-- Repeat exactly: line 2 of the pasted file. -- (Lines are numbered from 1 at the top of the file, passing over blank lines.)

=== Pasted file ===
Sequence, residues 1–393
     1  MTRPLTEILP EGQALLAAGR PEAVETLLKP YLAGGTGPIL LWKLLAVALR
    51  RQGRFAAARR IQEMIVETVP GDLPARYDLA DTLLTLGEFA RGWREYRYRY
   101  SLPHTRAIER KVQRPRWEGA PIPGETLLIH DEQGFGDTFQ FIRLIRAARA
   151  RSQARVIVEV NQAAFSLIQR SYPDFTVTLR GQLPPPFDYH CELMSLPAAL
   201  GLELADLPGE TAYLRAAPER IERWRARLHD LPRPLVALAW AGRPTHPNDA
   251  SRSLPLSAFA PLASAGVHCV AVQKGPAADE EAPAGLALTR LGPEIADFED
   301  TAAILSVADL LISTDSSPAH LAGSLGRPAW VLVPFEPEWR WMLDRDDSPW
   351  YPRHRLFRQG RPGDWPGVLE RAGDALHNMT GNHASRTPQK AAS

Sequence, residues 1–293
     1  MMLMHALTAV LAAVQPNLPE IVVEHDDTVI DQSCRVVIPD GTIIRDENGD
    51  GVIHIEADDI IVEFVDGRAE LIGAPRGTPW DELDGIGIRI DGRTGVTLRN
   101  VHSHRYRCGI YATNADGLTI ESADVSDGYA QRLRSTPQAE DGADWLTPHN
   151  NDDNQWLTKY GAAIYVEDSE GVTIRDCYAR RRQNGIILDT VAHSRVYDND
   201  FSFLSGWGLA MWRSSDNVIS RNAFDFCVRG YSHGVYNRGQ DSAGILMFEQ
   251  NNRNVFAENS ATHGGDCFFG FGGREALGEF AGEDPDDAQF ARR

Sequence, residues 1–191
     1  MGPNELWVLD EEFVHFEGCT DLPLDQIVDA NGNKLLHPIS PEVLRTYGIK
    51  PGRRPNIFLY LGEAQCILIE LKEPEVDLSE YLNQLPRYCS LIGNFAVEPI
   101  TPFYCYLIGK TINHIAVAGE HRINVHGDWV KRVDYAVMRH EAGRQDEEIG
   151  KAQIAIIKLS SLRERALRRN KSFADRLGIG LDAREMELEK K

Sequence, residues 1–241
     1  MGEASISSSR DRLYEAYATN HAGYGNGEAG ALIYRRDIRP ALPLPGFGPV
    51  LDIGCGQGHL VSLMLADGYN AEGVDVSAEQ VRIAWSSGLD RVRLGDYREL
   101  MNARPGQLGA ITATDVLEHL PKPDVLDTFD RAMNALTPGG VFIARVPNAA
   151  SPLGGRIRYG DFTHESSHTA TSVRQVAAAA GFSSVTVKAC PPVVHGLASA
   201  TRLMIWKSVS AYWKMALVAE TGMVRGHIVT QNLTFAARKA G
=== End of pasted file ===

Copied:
     1  MTRPLTEILP EGQALLAAGR PEAVETLLKP YLAGGTGPIL LWKLLAVALR